Guide to Awesome: 14 Reasons to Visit Alaska Now

From the tallest North American peak to the world’s largest bears, Alaska is home to unparalleled experiences

A train heads to Seward, Alaska. (Mike Criss, Photo Contest Archives)
Smithsonian Journeys Quarterly

Almost two-thirds of national parkland in the United States—more than 41 million acres—is located in the 49th state. “To the lover of wilderness, Alaska is one of the most wonderful countries in the world,” the great naturalist John Muir wrote. Thanks to protections set in place one hundred years ago this summer, Muir’s description still rings true. But the path to preservation hasn’t always been easy. In Fairbanks, federal legislation that set aside public lands provoked hundreds of people to protest; a petition for the “Alaska Secession Law of 1979” was drawn up, and a straw effigy of President Carter was torched. When Congress created Wrangell-St. Elias National Park and Preserve in 1980, some locals were angered by the perceived threat to their way of life. A Park Service airplane was set on fire; park employees were refused service at a restaurant and a gas station. Despite flashes of discord, Alaskans today welcome more than two million people to the state’s majestic parks and preserves each year. One need only spot the tracks of a moose or see the light reflect off a glacier to appreciate the gifts of these wild places.

The Alaska summer, when days get warmer and longer and the sun hesitates to set, is the best time to experience the breathtaking scenery and enchantment of America’s largest state. Some of these places—like the sand dunes surrounded by wetlands—are best experienced with sunglasses and hats. Others—like a whaling festival and a polar bear excursion north of the Arctic Circle—may require warmer clothing, but offer rare, unforgettable glimpses into local life.

Wrangell-St. Elias National Park and Preserve

More than four million acres of Wrangell-St. Elias National Park and Preserve are coated in ice. Some of its 150 glaciers are larger than Hong Kong. Others have never been explored. Shimmering deep blues to teals, their crystalline structure is so densely compacted that they absorb every color of the spectrum except for blue, which scatters. At Root Glacier visitors can strap on crampons and walk the ice, admiring deep ravines, glacial pools, and streams, and sites like Jumbo ice cave and Stairway Icefall—a glistening wall of ice 7,000 feet high. Views are constantly changing. Locals say they can now gaze at vistas that were obstructed by glaciers in the 1930s. Indeed, Alaska has warmed twice as fast as the lower 48, with ground temperatures steadily increasing since the 1970s.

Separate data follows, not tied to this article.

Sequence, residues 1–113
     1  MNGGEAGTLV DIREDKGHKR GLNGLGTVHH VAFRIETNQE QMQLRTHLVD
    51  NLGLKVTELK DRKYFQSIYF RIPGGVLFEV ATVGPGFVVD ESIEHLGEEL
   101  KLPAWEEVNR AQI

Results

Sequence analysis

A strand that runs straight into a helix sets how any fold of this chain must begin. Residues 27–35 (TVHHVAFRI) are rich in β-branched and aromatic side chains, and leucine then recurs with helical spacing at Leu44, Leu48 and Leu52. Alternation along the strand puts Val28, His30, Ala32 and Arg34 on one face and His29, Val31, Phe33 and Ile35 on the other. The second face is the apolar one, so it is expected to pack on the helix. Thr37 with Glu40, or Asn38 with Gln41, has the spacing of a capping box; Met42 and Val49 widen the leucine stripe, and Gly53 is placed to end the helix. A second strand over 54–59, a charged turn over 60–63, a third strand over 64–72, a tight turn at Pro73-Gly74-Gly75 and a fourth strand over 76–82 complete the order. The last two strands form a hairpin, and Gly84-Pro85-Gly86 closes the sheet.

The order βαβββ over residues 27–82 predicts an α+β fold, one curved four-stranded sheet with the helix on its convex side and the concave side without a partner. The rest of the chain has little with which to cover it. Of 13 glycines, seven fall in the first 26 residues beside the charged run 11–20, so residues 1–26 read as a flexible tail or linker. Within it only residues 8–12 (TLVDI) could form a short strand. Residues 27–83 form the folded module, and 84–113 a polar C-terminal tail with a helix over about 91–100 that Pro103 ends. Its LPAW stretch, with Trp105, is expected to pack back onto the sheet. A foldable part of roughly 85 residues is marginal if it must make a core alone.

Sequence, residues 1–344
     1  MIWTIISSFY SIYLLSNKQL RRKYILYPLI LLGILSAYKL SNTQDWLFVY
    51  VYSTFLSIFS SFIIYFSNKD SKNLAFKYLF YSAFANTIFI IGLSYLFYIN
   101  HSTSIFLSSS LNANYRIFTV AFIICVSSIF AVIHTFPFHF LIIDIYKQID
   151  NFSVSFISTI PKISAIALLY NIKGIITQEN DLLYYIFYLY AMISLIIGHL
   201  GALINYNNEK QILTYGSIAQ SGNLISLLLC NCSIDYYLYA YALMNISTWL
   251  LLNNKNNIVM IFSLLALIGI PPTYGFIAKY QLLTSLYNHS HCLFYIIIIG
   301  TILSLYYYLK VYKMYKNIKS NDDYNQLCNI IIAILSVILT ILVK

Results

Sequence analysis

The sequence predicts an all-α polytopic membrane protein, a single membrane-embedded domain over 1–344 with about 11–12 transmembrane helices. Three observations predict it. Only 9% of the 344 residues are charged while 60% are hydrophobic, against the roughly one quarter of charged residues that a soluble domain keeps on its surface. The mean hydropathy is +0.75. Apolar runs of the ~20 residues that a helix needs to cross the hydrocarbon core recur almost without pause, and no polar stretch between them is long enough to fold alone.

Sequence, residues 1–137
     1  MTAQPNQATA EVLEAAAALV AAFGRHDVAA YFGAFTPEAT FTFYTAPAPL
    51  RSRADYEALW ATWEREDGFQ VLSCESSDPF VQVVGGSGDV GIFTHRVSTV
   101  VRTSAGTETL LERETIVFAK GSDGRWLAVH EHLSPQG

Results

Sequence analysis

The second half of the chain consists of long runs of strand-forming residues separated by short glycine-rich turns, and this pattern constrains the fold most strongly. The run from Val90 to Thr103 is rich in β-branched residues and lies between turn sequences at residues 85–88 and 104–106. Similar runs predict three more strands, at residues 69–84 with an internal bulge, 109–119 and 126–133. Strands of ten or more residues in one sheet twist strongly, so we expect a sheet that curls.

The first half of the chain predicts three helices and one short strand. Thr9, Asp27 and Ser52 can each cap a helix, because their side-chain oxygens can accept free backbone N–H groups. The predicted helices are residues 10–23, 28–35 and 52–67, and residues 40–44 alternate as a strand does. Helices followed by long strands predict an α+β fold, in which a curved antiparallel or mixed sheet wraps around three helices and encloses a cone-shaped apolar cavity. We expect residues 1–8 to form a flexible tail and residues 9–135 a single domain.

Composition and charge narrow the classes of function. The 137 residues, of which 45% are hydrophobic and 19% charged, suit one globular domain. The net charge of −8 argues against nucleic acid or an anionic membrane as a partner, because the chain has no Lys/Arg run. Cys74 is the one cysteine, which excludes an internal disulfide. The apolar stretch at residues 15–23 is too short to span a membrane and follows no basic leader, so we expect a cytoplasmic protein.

Time itself is frozen at the Kennecott Mine, which shut down in 1938 after more than 4.5 million tons of ore had been extracted. (Named after the Kennicott Glacier and its eponymous explorer, Robert Kennicott, an errant wended its way into the company name.) Once, a hand-pulled cable car brought some 550 miners across the river to work. Now a footbridge connects visitors to the buildings—abandoned bunkhouses, a company store, even a hospital with one of Alaska’s first x-ray machines—left casually as they were, as though they would reopen anytime. What remains has been preserved by the cold, dry climate.

The nearby hamlet of McCarthy—winter population 40—was once a bustling town thriving from copper wealth, even during the Great Depression, attracting miners and alpinists, bootleggers and prostitutes. One of its most vocal residents in the ’90s was a pastor cum newspaper editor and publisher who reported on local happenings while his wife chronicled such events as moose plundering and cabbage pickling. Today, McCarthy’s biggest landowner is a reality TV host on Edge of Alaska.

A hundred miles away in Cordova sprawls the Copper River Delta, a natural mosaic composed of ponds, sloughs, muskegs, glacial streams, and willow trees, framed by jagged mountains. Ecologists call these 584 square miles “the most important stopover in the Western Hemisphere.” Every year millions of shorebirds—giant trumpeter and tundra swans, Arctic and Aleutian terns, greater yellowlegs and red-necked phalaropes—can be seen and heard flying overhead, in a rhythmic spring migration.

Established: December 2, 1980
Visitors in 2015: 80,366
When to go: For birds at Copper River Delta, April 25 to May 15
Where to stay: The Kennicott Glacier Lodge (a replica of the old mining buildings) and Ma Johnson’s Hotel
Editors’ choice: Flying over the “Dr. Seuss House” or Goose Creek Tower, a spindly, 12-story home that looks into the park

About Sasha Ingber

Sasha Ingber is associate editor for the Smithsonian Journeys Travel Quarterly. She is a frequent contributor to National Geographic and has also written for The Atlantic, The Washington Post Magazine and NPR.

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